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The Southern District of California adopted a districtwide policy permitting the use of full restraints—handcuffs connected to a waist chain, with legs shackled—on most in-custody defendants produced in court for non-jury proceedings by the U.S. Marshals Service. Before the Ninth Circuit could issue a decision on a challenge to the policy, the underlying criminal cases ended. That court—viewing the case as a “functional class action” seeking “class-like relief,” held that the case was not moot and the policy was unconstitutional. A unanimous Supreme Court vacated, finding the case moot. The federal judiciary may adjudicate only “actual and concrete disputes, the resolutions of which have direct consequences on the parties involved.”. Such a dispute “must be extant at all stages of review, not merely at the time the complaint is filed.” Precedent does not support a freestanding exception to mootness outside the Rule 23 class action context. The Federal Rules of Criminal Procedure establish for criminal cases no vehicle comparable to the civil class action, and the Supreme Court has never permitted criminal defendants to band together to seek prospective relief in their individual cases on behalf of a class. The “exception to the mootness doctrine for a controversy that is capable of repetition, yet evading review” does not apply, based only the possibility that some of the parties again will be prosecuted for violating valid criminal laws. View "United States v. Sanchez-Gomez" on Justia Law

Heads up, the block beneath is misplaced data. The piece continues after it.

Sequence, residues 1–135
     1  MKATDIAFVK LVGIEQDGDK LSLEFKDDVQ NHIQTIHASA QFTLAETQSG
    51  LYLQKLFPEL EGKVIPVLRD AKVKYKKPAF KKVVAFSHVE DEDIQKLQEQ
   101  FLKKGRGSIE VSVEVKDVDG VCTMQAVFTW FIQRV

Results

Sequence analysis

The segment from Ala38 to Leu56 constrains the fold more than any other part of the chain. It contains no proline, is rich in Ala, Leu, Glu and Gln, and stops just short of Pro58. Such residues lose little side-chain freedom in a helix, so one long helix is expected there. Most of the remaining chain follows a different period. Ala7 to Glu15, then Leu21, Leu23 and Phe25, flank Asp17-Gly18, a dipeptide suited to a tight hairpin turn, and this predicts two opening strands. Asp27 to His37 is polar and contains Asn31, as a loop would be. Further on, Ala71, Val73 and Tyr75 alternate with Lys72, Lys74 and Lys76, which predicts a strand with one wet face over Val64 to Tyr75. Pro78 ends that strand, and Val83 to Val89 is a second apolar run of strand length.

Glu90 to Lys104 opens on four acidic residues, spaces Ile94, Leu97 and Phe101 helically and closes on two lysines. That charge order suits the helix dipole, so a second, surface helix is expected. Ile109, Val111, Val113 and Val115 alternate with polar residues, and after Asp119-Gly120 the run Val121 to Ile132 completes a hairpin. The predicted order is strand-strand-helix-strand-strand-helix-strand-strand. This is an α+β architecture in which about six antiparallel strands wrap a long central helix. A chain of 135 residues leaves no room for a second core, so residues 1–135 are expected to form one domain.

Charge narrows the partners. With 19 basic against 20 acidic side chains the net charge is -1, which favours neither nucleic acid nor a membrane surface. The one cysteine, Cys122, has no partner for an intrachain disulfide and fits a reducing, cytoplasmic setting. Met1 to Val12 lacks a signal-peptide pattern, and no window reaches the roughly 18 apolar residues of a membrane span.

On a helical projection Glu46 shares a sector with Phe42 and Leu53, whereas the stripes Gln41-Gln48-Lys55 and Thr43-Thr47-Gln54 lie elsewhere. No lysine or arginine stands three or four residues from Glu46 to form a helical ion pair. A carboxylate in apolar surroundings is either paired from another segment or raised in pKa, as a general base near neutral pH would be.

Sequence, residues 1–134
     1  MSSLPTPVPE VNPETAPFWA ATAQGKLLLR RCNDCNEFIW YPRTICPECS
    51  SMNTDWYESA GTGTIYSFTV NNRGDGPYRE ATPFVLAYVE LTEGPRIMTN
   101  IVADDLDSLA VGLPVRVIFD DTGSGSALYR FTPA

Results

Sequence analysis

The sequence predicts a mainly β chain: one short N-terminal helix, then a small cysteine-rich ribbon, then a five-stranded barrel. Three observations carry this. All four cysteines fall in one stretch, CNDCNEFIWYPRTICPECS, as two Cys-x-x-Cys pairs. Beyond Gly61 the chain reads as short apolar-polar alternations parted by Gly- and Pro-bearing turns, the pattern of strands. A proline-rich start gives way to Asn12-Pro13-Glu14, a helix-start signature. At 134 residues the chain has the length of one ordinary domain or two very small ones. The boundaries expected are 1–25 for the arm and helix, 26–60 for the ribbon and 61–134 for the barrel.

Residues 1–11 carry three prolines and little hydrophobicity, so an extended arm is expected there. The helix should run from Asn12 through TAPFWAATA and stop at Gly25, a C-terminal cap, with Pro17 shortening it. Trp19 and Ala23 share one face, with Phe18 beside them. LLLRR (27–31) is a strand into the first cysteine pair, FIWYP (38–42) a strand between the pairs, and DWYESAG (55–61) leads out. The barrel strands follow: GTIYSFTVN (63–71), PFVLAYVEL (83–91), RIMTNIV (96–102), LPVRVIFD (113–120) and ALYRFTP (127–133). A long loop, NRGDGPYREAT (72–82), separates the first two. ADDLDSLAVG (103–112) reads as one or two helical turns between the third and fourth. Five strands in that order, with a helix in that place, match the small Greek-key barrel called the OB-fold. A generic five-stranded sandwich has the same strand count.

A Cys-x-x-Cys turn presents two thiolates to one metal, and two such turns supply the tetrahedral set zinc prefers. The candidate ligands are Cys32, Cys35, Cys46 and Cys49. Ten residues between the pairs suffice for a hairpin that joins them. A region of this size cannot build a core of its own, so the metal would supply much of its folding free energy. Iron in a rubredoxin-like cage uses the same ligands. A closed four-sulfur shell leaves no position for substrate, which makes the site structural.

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McCoy, charged with murdering his estranged wife’s family, pleaded not guilty, insisting that he was out of state at the time of the killings and that corrupt police killed the victims. Although he adamantly objected to any admission of guilt, the court permitted his counsel, English, to tell the jury that McCoy “committed [the] three murders” and to argue that McCoy’s mental state prevented him from forming the specific intent necessary for first-degree murder. McCoy testified in his own defense, maintaining his innocence and pressing an alibi. At the penalty phase, English again conceded McCoy’s guilt, urging mercy because of McCoy’s mental issues. The jury returned three death verdicts. The Louisiana Supreme Court affirmed. The Supreme Court reversed. The Sixth Amendment guarantees a defendant the right to choose the objective of his defense and to insist that counsel refrain from admitting guilt, even when counsel’s experienced-based view is that confessing offers the best chance to avoid the death penalty. Some decisions are reserved for the client—including whether to plead guilty, waive a jury trial, testify in one’s own behalf, and forgo an appeal. Rejecting the Louisiana Supreme Court’s conclusion that English’s refusal to maintain McCoy’s innocence was necessitated by a Rule of Professional Conduct that prohibits counsel from suborning perjury, the Court noted that there was no avowed perjury. English harbored no doubt that McCoy believed what he was saying. Ineffective-assistance-of-counsel jurisprudence does not apply where the client’s autonomy, not counsel’s competence, is at issue. The violation of McCoy’s protected autonomy right was structural in kind. McCoy must be accorded a new trial without any need to show prejudice. View "McCoy v. Louisiana" on Justia Law